BREAKING! China Starts Using The Antibiotic Minocycline That Also Has Antiviral Properties To Treat COVID-19
: News has emerged that China is now using the antibiotic drug Minocycline to treat COVID-19 cases in various cities across China including Shanghai despite lack of published clinical trial studies showing its efficacy.
Chinese researchers from the Chinese Academy of Medical Sciences & Peking Union Medical College along with scientists from the Inner Mongolia Medical University did published a preprint study a few days ago that only involved a silico and vitro study on the possibility of using Minocycline to treat SARS-CoV-2 infections. (Details below)
Minocycline, sold under the brand name Minocin among others, is a tetracycline antibiotic medication used to treat a number of bacterial infections such as pneumonia. It is also used for the treatment of acne, rheumatoid arthritis, urinary tract infections, various respiratory infections, skin infections, chlamydia, tick fever and others.
Minocycline is also known to possesses anti-inflammatory, anti-oxidant, anti-apoptotic and immunomodulatory effects.
Past studies have shown that minocycline does have antiviral properties against various viruses including retroviruses (HIV), flaviviruses (Japanese encephalitis virus), enteroviruses (EV71) and even prevents respiratory syncytial virus Infections.
Minocycline is also known to be able to inhibit West Nile virus infections. https://academic.oup.com/jac/article/60/5/981/2357608
Interestingly, a few study findings have also emerged showing that minocycline is able to improve cognitive deficiencies associate with neuroAIDS. https://www.ncbi.nlm.nih.gov/pmc/articles/PMC3174065/
As early as April 2020, researchers from India had also suggested repurposing Minocycline to treat COVID-19. https://www.tandfonline.com/doi/full/10.1080/14787210.2020.1782190
In June 2020, Italian researchers also proposed repurposing minocycline to treat COVID-19.
study published in November 2020 by researchers from Venezuela also suggested that tetracyclines could be used to treat COVID-19. https://link.springer.com/article/10.1007/s00705-020-04860-8
Japanese researchers also propose using minocycline with other existing drugs such as favipiravir to treat COVID-19. https://www.liebertpub.com/doi/10.1089/regen.2021.0037
A study conducted jointly by Indian and Italian researchers showed the merits of using minocycline and other tetracyclines to treat COVID related ARDs (Acute respiratory distress syndrome) and COVID related ALI (Acute lung injury).
Thailand Medical News
has also been advocating the usage of Minocycline since May 2021 in two of our seven COVID-19 treatment protocols along with other repurposed drugs and also supplements and herbal concoctions that is only available to a private community of readers.
There was not much interest from the WHO, the various big pharma entities and also other key groups as minocycline was a very cheap generic antibiotic, hence no proper large randomized clinical trials were ever conducted.
China in a sudden decision a fortnight ago, decided to use minocycline as they were already finding that existing drugs like Favipiravir, Remdesivir, Paxlovid and Molnupiravir were really not effective especially against the newly emerging Omicron B.2 subvariants.
The WHO which in reality has lost its credibility, has still been encouraging the usage of the drug Paxlovid despite many concerns now emerging about its efficacy.
The silico and vitro study sponsored by the Chinese Academy of Medical Sciences in Beijing showed that minocycline could be used to treat COVID-19.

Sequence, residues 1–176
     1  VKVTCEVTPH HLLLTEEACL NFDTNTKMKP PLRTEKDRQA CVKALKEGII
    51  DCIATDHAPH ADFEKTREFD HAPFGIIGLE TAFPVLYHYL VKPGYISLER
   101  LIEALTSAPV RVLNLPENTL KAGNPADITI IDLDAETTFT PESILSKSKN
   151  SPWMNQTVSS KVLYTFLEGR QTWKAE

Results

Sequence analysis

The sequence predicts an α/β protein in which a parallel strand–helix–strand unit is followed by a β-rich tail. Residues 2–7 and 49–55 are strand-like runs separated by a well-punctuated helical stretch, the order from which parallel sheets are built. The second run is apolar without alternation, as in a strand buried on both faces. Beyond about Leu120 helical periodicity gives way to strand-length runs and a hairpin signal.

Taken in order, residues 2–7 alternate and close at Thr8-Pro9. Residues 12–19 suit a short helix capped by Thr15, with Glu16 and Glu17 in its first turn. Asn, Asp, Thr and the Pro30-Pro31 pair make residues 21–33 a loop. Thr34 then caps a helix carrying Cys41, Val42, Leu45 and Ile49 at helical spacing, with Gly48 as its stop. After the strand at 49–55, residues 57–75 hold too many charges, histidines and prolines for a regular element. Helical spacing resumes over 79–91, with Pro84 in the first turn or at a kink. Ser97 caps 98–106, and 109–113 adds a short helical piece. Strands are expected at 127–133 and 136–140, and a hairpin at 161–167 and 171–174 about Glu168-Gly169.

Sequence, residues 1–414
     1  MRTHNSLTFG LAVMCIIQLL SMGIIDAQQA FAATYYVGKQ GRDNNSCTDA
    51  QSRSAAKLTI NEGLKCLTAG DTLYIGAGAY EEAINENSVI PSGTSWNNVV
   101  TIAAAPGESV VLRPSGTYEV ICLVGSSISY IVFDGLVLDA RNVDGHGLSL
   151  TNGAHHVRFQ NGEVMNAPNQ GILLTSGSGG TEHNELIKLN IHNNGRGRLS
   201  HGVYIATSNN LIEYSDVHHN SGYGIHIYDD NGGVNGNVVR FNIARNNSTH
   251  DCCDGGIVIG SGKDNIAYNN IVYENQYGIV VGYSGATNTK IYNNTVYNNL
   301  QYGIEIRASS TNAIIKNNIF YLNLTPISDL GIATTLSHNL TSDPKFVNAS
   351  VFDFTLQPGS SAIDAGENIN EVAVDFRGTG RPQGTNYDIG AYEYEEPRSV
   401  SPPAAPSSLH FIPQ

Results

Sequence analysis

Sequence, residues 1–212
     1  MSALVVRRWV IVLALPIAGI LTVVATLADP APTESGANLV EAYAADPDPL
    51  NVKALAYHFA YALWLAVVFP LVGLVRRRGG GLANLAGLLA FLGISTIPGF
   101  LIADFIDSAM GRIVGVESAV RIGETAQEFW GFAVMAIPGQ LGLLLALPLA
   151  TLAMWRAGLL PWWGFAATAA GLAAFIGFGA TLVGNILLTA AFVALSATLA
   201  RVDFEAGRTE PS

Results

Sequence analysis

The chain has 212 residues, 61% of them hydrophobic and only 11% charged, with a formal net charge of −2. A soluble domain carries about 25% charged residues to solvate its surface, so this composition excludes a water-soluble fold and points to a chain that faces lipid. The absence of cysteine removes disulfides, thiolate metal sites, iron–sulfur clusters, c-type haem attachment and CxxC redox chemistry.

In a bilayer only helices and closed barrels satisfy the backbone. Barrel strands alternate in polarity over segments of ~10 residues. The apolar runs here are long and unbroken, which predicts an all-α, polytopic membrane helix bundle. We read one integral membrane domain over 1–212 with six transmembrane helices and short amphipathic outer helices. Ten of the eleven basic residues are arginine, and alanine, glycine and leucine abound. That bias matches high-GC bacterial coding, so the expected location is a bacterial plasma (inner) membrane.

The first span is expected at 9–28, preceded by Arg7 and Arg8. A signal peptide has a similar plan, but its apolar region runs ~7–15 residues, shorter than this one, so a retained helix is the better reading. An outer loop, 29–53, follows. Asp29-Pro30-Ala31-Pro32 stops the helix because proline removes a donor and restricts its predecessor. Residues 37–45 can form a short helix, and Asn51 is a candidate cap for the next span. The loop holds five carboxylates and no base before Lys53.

The study team explored potential inhibitors of Severe Acute Respiratory Syndrome-Coronavirus-2 (SARS-CoV-2) for the treatment of novel coronavirus disease (COVID-19).
They conducted in silico screening of 135 clinical drugs targeting on 3-chymotrypsin-like protease (3CLpro, or Mpro).
Six drugs including anti-HIV drug (raltegravir), antibacterial drugs (cefonicid, cefoperazone, minocycline), and antidiabetic drugs (canaglifozin, glyburide) showed high binding affinities (≤ -8.5 kcal/mol) and interesting binding conformations compared with the designed co-crystal ligand N3 (-7.7 kcal/mol).
Significantly, the antibiotic minocycline, an inhibitor of bacterial ribosomal rRNA, showed the highest binding affinity (-9.6 kcal/mol). Valuable hydrogen bonding and hydrophobic interactions were found between minocycline and Mpro active site. Beside the hydrogen bond with Cys145, minocycline formed a Pi-Cation with His41, which strongly supported minocycline as a Michael Addition acceptor to bind with the catalytic site of Mpro.
The structure-affinity relationship was studied based on molecular docking of minocycline analogues.
Also, Minocycline showed in vitro Mpro inhibitory activity with IC50 of 5 mM.
Importantly, additional literature review found that minocycline had both in vitro and in vivo broad-spectrum antiviral as well as anti-inflammatory activities.
The study findings were published in on a preprint server and are currently being peer reviewed for publication into the journal by Springer Group: medicinal Chemistry Research.
Despite lack of any large clinical trial data, the Chinese health authorities started using Minocycline in various cities across China a fortnight ago including in Shanghai, where it was given to anyone that was tested positive for the virus and also those exhibiting symptoms. To date, the results have been encouraging and Chinese researchers are expected to also publish case reports on the usage of minocycline soon.
(Warning! Do not attempt to self treat using minocycline without consulting a licensed doctor who knows anything about how to use the drug minocycline correctly as there can be serious adverse effects using the drug incorrectly especially for those with sensitivities or existing medical conditions.)
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